Atlassian, the company behind enterprise software offerings like HipChat, JIRA, and Bitbucket, closed at $27.78 on the Nasdaq after making its debut this morning at $27.67.

Yesterday Atlassian sold 22 million shares at $21 per share, effectively raising $462 million in the initial public offering (IPO). That means the stock (trading under the symbol TEAM) closed today 32 percent up from the IPO price.

Not that the Australian company needs the money. For executives, it just seems like the right thing to do.

“The short answer is we’re building a long-term company, and we’ve been around 13 years, and we feel like we’re just beginning, and we also wanted to be a best in-class company,” Atlassian president Jay Simons told VentureBeat in an interview earlier today.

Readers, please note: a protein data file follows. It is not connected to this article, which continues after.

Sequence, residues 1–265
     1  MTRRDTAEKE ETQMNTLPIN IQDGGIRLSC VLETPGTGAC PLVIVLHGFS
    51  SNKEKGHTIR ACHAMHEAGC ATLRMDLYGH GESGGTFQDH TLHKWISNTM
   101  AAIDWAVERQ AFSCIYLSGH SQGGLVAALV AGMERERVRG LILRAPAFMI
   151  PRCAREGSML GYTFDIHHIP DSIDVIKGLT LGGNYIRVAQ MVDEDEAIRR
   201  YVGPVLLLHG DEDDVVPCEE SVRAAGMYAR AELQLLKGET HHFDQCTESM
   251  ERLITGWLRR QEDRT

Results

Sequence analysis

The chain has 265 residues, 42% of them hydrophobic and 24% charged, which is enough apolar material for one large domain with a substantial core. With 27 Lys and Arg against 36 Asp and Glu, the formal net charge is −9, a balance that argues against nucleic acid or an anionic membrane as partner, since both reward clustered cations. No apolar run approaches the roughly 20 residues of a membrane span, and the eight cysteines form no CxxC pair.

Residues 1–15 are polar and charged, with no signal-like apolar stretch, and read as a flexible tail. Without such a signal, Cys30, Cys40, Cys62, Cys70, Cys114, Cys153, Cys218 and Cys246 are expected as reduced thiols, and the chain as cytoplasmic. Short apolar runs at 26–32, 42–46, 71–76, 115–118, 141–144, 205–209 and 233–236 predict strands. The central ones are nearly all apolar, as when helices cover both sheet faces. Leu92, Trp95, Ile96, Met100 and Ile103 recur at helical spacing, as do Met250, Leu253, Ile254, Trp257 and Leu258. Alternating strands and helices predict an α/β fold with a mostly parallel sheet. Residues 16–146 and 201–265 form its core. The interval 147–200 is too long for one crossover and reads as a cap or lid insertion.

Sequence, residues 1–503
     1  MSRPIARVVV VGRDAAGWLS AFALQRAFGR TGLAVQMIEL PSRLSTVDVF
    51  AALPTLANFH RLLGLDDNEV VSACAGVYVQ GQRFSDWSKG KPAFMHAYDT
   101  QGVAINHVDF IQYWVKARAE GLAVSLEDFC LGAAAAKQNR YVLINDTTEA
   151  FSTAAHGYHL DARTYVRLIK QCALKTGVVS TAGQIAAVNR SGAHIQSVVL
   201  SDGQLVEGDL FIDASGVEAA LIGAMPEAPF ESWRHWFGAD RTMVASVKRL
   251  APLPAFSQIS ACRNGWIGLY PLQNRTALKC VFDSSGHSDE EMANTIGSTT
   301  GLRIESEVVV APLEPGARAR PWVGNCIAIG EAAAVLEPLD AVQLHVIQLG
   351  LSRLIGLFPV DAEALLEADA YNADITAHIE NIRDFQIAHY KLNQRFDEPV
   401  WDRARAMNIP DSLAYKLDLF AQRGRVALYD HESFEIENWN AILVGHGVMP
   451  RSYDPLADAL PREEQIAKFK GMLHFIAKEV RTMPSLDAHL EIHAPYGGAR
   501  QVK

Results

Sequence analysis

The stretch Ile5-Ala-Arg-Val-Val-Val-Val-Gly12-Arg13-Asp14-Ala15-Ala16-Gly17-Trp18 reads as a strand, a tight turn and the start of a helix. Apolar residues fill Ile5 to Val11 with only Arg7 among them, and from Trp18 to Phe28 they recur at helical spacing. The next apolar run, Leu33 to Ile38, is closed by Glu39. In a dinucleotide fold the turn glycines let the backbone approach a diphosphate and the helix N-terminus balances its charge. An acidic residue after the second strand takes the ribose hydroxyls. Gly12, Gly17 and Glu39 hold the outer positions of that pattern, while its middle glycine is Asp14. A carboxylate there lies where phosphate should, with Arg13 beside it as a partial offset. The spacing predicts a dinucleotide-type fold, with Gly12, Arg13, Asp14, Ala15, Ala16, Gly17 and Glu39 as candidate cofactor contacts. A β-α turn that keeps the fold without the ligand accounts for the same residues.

In the business of collaboration software like HipChat, Atlassian competes with the likes of Slack and Yammer. In the hosted source code repository market, where Bitbucket does business, privately held GitHub is the star. Recently Atlassian split up JIRA — which competes with products from GitHub, Microsoft, Fog Creek’s FogBugz, and Asana, among others — into JIRA Core and JIRA Software.

For the fiscal year that ended on June 30, Atlassian posted $6.7 million in income on $319 million in revenue, according to the most recently updated Form F-1 on file with the U.S. Securities and Exchange Commission.

Across all of its services, Atlassian has more than 5 million monthly active users, according to the filing.

Atlassian started in 2002 and is based in Sydney, with 1,400 employees. Employees who had been with the company for more than 10 years were on site in New York for the Nasdaq’s opening bell today.

Rumors of Atlassian’s IPO surfaced back in September. And the official filing surfaced on November 9. Now it’s done, once and for all.

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